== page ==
Blankets will obviously prevent the coat from growing as thick since your providing more warmth for the horse, they don't have the need to grow as thick of a coat but horses will still grow a thicker coat than their Summer coat regardless. I blanket my horse all year round as she is not stabled. I have 7 different ones with different fills. I'm personally a huge fan- keeps the horse clean, warm and prevents thick coats which aren't the best for showing or presentation. I don't see anything wrong with them unless you won't be regularly changing them - Eg. drops cold throughout the night but temperatures rise to about 20 degrees in the day- a horse needs the coat removed!
What I do is on days when it is really cold I put it on but if it is just a chilly day and not necessarily cold I leave the blanket on. You could also put a sheet blanket, it keeps them warm but by insulating their body heat.
Yes it does stop the hair from growing. In winter I like to leave the blankets off until they start growing a coat and when it gets way too cold I'll then put a blanket on. Normally about 15 degrees Celsius with my one horse because he's a wooly mammoth and it's normally because of all the ice rain and wind that I do. And my other horse barely grows a coat so needs a blanket too but I'd put a blanket on way before that.
I don’t blanket my horses anymore unless it is just pouring down rain! When you stop them from growing hair it makes their coat dull next summer because it doesn’t grow nice new hair. They also rub and are just bad in general
I was thinking about this and wanted to add this since I think it's getting at what you're really asking. When a turnout blanket is used, it does compress the coat and can compromise the coat's natural insulation properties. It has less to do with stunting hair growth, and more to do with impacting the horse's ability to naturally insulate heat.
It's important to use blankets of the correct weight for the temperature, and to use blankets that are waterproof if there is any chance the horse will be exposed to moisture. There are many other considerations to take into account before deciding if blanketing is the right choice. It often is not necessary, but for many horses (especially those in competition/heavy work or in very cold climates) it is. This is another good article that I think sums it all up well: http://csu-cvmbs.colostate.edu/vth/Pages/horse-blanketing.aspx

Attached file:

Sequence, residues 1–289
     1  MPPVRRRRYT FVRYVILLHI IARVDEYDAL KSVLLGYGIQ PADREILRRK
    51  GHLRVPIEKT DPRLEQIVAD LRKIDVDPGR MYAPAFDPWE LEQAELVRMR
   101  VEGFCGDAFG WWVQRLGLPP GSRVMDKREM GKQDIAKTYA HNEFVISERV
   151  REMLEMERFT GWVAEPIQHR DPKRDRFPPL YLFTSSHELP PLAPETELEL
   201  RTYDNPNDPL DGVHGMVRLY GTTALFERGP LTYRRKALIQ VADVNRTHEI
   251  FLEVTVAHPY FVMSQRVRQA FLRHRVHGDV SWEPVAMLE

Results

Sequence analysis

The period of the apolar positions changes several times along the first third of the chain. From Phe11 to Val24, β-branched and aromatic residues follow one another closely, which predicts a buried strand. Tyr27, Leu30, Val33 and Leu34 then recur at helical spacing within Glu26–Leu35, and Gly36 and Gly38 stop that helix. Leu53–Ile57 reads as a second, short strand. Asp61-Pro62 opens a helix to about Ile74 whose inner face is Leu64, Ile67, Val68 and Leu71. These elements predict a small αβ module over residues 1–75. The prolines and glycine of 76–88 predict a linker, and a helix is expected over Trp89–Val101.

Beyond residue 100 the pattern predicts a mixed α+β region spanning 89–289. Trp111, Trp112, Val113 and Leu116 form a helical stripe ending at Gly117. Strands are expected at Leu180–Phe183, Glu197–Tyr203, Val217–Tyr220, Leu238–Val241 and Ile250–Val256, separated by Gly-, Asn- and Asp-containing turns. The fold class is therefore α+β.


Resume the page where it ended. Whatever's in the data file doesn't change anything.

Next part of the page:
Hi Maddi, I think it's always a case-by-case basis. Different horses have different needs. It depends on your climate, the type of shelter your horse has, and the level of work they are in, among other things.
Many horses need blankets if they are in heavy work, because they will also most likely be clipped and will need to protection of blankets if their coat is not allowed to grow in. I recently wrote an article about clipping patterns that I think can also apply to your question. Here's some background information that you may find helpful: http://www.inboundequestrian.com/7-most-common-types-horse-clipping-patterns/
I blanket my horse in the winter and in rainy weather. If the blanket is not properly fitted it can be dangerous or uncomfortable for the horse. The blanket replaces the winter coat. I also only Blanket my horse with rugs that have a high Denier thread count. If the inside of the blanket gets wet that can cause rainrot. I do live in Canada Btw lol. (My opinion 😊)
I mean I live in California so I don't think it's decent weather to actually wear it but I don't think they're that affective I mean just let your horse be a horse. I understand using one before a show and stuff but just let your horse play and get dirty. Hell I have 2 grey horses and it's SO HARD but I give them a bath once a week because it's always so hot in cal. This is just my opinion hope it helped!